Furthermore, the Union noted that the testimony herein demonstrated that the Company has never treated the steps in its wage progression as training wages. In this regard, the Union noted that the Company has placed outside hires at the top of the wage bracket without previously evaluating their skills; that the Company has not evaluated new hires after their probationary period to determine if they are actually capable of performing the work; and that the Company never evaluates internal hires to determine if they should proceed more quickly to a higher training wage rate or remain longer at a lower rate of pay in the progression. Thus, the Union urged that if the wage progressions in Exhibits A and B were really training wages, employes who learned faster or slower would progress either faster or slower through the progression, respectively.
Therefore, the Union asserted that the evidence demonstrated that the Company's wage rates are simply too low to attract qualified applicants and that this is the true reason why the Company has paid its outside hires at the top rate. However, the Union urged that the Company should, in fairness, negotiate changes in the labor agreement to allow it to hire outside applicants at a higher wage or restructure the wage schedule so that it can meet the Company's needs.
The Union further asserted that the Company, by its actions herein, has violated Article 31 by essentially dealing directly with employes regarding their wage rates, when the Union is the bargaining unit employes' exclusive bargaining agent for these purposes. Thus, the Union sought an order that the Company cease and desist from placing new hires at the top wage rate on the wage progression; and that the Company be ordered to pay its employes who bid internally for the Maintenance Mechanic positions at the higher rate of pay which the Company paid to outside hires for these positions retroactively to their hire date into the Brackets 6 or 2.a. In the alternative, the Union suggested that the undersigned "fashion a remedy sufficient to discourage further violations" such as two week's differential pay for all Maintenance Mechanic personnel who earned less than the outside hires.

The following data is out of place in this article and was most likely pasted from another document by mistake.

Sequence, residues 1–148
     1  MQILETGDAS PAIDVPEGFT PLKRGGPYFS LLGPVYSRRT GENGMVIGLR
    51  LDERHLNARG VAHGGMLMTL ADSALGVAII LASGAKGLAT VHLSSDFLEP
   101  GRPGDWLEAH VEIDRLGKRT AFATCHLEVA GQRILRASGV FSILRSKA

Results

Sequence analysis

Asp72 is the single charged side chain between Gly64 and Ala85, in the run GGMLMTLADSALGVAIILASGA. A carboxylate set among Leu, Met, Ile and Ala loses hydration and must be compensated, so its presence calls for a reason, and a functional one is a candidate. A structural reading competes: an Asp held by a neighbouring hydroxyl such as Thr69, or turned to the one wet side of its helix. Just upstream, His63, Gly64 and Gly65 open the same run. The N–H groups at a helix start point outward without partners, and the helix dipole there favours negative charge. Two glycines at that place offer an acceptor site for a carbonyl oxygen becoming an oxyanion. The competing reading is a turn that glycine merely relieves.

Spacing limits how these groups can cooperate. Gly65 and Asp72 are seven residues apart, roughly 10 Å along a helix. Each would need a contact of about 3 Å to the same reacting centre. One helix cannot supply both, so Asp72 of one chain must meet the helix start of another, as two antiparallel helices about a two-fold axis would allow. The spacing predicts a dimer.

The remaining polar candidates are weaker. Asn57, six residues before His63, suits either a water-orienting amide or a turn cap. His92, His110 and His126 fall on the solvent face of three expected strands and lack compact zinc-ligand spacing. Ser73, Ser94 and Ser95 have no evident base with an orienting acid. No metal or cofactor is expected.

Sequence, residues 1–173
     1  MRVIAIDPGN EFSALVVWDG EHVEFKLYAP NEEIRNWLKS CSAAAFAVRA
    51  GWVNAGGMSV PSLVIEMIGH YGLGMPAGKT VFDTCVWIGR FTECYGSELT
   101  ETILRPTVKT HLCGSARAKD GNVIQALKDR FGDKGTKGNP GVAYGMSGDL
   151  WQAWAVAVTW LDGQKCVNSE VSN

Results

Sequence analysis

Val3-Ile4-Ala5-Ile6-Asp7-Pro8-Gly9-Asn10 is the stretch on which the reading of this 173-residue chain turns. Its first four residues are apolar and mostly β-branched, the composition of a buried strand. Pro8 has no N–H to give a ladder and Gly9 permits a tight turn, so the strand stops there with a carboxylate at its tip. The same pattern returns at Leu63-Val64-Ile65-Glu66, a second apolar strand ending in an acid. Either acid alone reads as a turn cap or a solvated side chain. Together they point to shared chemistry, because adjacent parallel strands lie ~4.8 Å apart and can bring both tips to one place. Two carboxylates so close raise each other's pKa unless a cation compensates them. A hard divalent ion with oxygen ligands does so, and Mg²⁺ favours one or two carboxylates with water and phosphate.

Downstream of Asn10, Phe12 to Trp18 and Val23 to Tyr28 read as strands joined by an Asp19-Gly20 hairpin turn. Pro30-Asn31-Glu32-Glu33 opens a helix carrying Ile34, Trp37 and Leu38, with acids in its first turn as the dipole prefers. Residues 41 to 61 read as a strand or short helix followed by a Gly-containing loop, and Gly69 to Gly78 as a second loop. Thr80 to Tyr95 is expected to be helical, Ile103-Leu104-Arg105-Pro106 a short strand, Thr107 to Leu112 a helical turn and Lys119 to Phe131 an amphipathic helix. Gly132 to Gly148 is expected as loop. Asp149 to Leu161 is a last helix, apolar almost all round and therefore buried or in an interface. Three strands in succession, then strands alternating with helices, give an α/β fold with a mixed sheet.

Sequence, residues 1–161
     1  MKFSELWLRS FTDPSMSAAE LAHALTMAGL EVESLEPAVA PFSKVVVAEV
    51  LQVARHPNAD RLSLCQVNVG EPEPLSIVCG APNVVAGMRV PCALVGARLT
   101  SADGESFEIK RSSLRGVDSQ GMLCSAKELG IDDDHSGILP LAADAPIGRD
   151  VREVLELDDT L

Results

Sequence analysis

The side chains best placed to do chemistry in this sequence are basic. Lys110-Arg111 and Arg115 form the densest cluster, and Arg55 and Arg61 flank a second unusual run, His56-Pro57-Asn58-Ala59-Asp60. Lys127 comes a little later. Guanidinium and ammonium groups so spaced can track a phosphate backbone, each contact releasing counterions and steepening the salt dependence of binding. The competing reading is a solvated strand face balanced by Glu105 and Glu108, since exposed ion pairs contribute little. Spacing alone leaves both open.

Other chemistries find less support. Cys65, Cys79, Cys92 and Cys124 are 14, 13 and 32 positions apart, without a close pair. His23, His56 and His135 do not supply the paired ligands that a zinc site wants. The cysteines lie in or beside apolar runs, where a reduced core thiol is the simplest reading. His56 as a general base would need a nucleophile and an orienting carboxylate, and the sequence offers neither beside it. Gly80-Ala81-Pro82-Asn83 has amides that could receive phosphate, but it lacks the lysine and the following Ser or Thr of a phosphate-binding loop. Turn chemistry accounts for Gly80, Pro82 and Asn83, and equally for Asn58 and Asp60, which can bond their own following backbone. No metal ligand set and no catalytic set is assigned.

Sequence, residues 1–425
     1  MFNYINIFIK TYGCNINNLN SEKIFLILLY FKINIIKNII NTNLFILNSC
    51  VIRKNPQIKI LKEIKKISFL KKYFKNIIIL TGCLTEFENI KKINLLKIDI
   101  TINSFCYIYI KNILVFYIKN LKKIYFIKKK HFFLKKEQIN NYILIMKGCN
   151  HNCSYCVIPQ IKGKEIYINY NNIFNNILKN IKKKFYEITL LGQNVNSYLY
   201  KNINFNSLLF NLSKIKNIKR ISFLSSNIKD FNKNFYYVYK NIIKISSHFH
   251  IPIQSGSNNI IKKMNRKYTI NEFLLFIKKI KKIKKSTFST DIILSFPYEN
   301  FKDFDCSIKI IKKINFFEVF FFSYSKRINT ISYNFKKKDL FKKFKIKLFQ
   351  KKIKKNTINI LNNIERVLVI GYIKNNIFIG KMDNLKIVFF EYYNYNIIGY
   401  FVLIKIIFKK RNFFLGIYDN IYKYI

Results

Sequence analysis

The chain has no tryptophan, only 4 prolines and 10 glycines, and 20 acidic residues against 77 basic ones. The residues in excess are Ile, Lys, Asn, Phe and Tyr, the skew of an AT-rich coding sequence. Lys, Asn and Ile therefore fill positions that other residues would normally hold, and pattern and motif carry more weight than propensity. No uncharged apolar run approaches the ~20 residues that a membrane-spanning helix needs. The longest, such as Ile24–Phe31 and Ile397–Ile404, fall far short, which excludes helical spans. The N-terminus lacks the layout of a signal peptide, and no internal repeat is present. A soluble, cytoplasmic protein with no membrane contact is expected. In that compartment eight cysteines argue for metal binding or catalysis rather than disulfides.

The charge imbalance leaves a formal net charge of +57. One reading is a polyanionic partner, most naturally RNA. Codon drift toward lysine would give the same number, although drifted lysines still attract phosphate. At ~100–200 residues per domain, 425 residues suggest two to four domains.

The Company noted that the labor agreement provides for several positions which have no requirement of training or any progression to accommodate a learning curve: Master Maintenance Mechanic and Leadpersons. Thus, the Company urged that this is evidence that the Bracket wage rate progressions were intended to accommodate a training and/or learning curve for employes for certain jobs. In this regard, the Company noted that for its least challenging jobs (Brackets 9 and 10) the progression is minimal. The Company further noted that Union Steward Jones confirmed that for the more skilled jobs there is a longer wage progression and that it was in fact due to the need to train employes that these progressions were agreed upon by the parties.